The general election on August 9th was as shocking and unexpected.
While political coalitions quickly took over some regions, other independent candidates withstood the storm and defeated political heavyweights.
One such candidate is Kawira Mwangaza, the newly elected governor of Meru, who surprised many by running on an independent ticket after defeating two political giants, outgoing senator Mithika Linturi and incumbent Kiraitu Murungi, to become the county’s first female seatholder.
Mwangaza, who is also the bishop of Baite Family Fellowship Church in Meru County, claimed in her first media interview after being named governor-elect that her triumph was a fulfillment of a prophecy.
“They said I cannot run a County but i told both Kiraitu that I would get more votes than him at the ballot,” said Mwangaza.
Mwangaza, who was born in 1979 in the Buuri constituency’s Ontulili village, attended the Ontulili Primary School but was unable to continue to the secondary level due to a lack of funding.
Mwangaza claims that she moved to Marsabit to work as a house assistant at a relative’s house without any hope of continuing her education.
I spent over a year working as a housemaid. I then had the opportunity to enroll in Moyale Girls Secondary School. The pioneer class was us. Four years later, with a C+, I won the Marsabit district election as the top candidate.
Later, she would start a business and graduate from Kampala University with a bachelor’s in education.
“I pursued a Bachelors in Guidance and Counseling but I didn’t start out as a teacher since I ventured into business,” she said.
Her trial in politics started in Buuri constituency where she unsuccessfully vied as an MP in 2013 and it is here that she learnt her biggest lesson in life.
“After the 2013 campaign, I realised that I had spent Ksh.20 million. I was broke and heavily indebted. My husband and I relocated to Ruai where we sold onions and tomatoes as we tried to recover financially,” she says.
With no plan and damaged finances, Kawira and her musician husband Murega Baichu decided to try their luck in the media sector, and it was here that service to the public was formed.
As the station gained popularity, Kawira claims she felt pressure from the people of Meru to try her hand at politics once more. She took extra caution this time to avoid spending too much money on the campaign trail in vain.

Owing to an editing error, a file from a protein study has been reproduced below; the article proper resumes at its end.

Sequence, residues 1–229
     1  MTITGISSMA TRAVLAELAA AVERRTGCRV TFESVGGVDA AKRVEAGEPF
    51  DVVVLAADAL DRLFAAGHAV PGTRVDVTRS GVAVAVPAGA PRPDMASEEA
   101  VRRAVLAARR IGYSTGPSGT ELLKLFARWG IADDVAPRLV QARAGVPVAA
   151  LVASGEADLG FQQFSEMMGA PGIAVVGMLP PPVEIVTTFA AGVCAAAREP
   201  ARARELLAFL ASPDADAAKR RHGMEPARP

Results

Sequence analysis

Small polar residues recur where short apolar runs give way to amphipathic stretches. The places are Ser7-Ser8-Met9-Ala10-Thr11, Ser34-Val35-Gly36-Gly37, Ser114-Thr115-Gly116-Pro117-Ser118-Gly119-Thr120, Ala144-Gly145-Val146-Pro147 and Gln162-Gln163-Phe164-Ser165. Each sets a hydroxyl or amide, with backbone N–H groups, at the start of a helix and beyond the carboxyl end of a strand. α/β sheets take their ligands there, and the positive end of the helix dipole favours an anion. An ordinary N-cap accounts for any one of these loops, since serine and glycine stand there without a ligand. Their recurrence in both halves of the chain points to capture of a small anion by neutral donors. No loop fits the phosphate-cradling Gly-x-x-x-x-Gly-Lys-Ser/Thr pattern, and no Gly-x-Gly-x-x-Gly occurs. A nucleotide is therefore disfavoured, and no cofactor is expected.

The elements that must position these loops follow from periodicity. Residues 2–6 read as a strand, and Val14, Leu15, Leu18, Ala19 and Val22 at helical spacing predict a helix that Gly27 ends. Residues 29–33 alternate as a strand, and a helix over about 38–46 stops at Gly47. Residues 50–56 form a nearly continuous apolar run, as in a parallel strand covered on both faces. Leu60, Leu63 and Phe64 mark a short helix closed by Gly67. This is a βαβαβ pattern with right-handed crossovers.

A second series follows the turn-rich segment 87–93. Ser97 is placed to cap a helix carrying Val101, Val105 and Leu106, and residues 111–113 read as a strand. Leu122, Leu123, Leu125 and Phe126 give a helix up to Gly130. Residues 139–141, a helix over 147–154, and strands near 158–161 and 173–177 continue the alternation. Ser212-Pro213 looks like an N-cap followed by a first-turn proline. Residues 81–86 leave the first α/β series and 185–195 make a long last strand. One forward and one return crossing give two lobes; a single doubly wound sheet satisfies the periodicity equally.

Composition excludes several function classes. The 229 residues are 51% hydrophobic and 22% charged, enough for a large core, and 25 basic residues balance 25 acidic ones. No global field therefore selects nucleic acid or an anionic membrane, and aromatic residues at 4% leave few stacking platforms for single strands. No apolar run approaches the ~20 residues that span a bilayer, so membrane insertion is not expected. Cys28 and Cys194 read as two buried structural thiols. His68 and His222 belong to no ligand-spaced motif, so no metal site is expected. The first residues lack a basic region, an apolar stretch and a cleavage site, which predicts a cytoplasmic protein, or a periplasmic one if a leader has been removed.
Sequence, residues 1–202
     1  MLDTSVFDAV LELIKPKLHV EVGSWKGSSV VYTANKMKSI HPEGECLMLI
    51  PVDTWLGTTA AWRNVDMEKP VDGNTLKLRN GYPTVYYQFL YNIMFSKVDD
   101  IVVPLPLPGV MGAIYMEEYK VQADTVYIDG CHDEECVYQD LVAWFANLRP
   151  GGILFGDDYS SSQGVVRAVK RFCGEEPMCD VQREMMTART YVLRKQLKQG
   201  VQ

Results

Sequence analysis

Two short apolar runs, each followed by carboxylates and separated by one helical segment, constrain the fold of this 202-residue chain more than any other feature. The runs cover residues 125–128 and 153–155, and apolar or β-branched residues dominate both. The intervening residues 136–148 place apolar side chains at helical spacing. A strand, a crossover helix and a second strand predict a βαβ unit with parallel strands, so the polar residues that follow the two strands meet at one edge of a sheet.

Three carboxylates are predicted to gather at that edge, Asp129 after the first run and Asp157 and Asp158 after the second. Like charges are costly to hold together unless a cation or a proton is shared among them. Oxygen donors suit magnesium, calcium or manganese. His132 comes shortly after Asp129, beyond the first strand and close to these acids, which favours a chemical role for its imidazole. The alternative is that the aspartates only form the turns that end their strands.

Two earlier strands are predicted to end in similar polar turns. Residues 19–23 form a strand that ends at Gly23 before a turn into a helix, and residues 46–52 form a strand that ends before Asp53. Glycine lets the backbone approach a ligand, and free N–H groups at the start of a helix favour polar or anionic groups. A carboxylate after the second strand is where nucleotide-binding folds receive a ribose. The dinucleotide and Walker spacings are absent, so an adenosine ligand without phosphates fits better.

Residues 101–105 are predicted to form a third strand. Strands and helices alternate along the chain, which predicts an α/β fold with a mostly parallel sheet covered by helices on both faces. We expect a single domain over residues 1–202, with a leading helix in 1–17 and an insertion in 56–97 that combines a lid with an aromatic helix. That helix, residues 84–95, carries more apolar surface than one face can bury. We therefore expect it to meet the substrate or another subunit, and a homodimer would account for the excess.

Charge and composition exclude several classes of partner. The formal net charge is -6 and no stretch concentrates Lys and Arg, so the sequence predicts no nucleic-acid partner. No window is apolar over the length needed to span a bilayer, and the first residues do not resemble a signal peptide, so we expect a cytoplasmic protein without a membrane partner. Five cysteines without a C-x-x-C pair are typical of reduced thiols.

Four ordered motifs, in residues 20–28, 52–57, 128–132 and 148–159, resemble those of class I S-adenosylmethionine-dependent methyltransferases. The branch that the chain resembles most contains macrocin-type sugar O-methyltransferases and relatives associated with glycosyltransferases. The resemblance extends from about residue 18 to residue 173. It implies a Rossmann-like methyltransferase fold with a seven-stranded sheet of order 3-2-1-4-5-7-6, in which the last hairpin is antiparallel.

“I ran as an independent candidate and won with a wide margin. This campaign was different because it was people driven. I did not spend as much money as I did in 2013,” said Mwangaza.
Mwangaza, an independent candidate, defeated Florence Kajuju to win the position of woman representative. From there, she started her ascent to the position of governor, leveraging operation Okolea and the national government’s affirmative action money to make a difference.
“I ensured the public resources from Ngaaf are prudently utilised. By being with the people, many urged me to go for the county governor seat in 2022,” she said.
Mwangaza has been constructing homes for the underprivileged, donating dairy cows, giving school supplies like desks, blankets, and gumboots, as well as providing scholarships, in an effort to win over the community.
At the height of their campaigns, Mwangaza’s political rivals covered Meru town with posters and massive billboards, but surprise, she went with a different approach.
Mwangaza and her spouse Baichu were the only people Mwangaza entertained the public with while out campaigning.
She promises to close all corruption-related gaps now that she is in charge of the County.
“Just give me a few months and you will see. Meru will be a very different County,” she said.
Mwangaza enters Meru politics history as the second woman to defeat political heavyweights and hold a non-affirmative post in the national arena.
Annrita Karimi, who won a by-election in 1975 for Meru Central, was the first female to do so.
When local male politicians allegedly banded together to fix her in a corruption scandal, her career was cut short.
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